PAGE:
The solution properties are important; it should have an optimal low surface tension and high enough charge density and viscosity so that collapse of the jet into droplets can be prevented before the solvent evaporates [30]. Polymer characteristics such as molecular weight, concentration, solution viscosity, surface tension and solution conductivity influence the nanofiber morphology and properties. Molecular weight represents the polymer chain length that in turn influences the entanglements; hence higher molecular weight results in viscous solutions compared to lower molecular weight. These entanglements prevent the jet from premature splitting during the process. Low viscous polymer solution jet breaks up into small droplets or creates beaded fibers [31]. Viscous solutions enhance chain entanglements and results in bead free uniform fibers. If, however, the viscosity is too high, it will be difficult to pump the solution through the capillary and the solution may dry up or drip at the tip [29].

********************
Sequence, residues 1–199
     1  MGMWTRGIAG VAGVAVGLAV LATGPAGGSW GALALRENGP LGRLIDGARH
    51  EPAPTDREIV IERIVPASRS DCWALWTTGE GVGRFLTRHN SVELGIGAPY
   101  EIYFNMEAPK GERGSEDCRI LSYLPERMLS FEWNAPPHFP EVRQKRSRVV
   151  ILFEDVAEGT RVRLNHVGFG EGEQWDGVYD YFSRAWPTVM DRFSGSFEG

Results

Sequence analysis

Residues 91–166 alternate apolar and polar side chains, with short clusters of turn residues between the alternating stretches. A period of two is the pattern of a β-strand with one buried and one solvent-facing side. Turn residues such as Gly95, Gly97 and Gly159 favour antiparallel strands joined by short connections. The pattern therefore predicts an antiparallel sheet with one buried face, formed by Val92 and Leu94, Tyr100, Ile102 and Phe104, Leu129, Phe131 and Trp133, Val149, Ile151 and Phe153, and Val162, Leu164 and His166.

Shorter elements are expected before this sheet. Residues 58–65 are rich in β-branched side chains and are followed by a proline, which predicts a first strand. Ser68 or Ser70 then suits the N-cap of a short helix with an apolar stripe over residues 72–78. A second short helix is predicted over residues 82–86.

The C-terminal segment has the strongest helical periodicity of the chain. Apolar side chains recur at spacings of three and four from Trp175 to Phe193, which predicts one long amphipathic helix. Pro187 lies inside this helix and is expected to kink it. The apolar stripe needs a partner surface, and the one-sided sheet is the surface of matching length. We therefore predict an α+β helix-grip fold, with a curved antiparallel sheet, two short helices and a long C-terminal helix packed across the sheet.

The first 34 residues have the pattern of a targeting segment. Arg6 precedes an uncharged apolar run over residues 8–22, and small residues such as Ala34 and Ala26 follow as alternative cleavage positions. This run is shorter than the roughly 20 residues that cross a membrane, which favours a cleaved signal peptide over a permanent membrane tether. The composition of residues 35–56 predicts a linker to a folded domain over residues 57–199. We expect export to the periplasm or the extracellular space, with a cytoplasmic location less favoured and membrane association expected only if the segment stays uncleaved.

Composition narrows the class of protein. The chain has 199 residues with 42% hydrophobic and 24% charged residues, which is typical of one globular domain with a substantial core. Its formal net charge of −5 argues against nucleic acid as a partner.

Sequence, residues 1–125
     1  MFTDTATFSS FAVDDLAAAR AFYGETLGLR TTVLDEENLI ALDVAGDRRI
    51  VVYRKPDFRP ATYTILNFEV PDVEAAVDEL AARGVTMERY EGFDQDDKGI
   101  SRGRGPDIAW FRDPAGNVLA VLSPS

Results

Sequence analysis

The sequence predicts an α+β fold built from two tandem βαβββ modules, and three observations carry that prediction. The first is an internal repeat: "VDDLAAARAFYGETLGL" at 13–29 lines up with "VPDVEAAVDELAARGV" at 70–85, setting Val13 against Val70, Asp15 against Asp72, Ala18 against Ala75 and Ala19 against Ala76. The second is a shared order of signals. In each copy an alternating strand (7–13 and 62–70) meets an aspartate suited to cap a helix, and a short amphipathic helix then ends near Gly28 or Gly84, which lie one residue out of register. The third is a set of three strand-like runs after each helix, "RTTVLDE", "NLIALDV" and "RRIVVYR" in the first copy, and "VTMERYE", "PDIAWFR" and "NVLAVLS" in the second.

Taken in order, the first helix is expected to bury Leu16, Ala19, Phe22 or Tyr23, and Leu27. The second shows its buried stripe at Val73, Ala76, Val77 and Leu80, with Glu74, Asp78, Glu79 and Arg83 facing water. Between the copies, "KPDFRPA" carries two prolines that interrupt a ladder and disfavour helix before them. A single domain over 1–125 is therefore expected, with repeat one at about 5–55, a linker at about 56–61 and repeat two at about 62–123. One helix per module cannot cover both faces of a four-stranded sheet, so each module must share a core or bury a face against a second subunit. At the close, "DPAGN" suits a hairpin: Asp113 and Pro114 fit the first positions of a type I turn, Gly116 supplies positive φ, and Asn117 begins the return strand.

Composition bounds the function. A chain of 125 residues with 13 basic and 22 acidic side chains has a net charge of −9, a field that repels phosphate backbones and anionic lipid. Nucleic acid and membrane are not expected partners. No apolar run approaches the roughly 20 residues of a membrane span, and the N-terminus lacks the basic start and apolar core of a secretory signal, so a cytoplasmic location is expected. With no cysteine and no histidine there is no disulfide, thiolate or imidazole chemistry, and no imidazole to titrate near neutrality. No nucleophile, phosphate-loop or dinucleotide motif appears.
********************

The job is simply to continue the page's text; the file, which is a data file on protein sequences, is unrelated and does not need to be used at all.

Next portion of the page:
Surface tension decreases the surface area of the solution and forces it to form a spherical droplet. In case of low concentration, high ratio of solvent molecules have greater tendency to assemble and form a spherical shape or bead formation [31]. In order to get bead free uniform fibers, low surface tension solvents should be used. In case of higher conductivity solutions (containing ions), the jet carries heavy amount of electrostatic charge. For example, adding a tiny fraction of salt or polyelectrolyte to electrospinning solution can increase the jet stretching and assists in forming smooth fibers in place of beaded fibers [32].

3.2. Polymer Concentration